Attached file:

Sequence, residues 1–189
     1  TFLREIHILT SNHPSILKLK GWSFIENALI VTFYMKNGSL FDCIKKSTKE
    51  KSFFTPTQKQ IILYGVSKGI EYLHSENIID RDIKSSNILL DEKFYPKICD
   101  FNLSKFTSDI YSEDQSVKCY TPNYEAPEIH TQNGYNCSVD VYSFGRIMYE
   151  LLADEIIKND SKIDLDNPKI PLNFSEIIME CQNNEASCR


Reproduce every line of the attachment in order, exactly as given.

Sequence, residues 1–189
     1  TFLREIHILT SNHPSILKLK GWSFIENALI VTFYMKNGSL FDCIKKSTKE
    51  KSFFTPTQKQ IILYGVSKGI EYLHSENIID RDIKSSNILL DEKFYPKICD
   101  FNLSKFTSDI YSEDQSVKCY TPNYEAPEIH TQNGYNCSVD VYSFGRIMYE
   151  LLADEIIKND SKIDLDNPKI PLNFSEIIME CQNNEASCR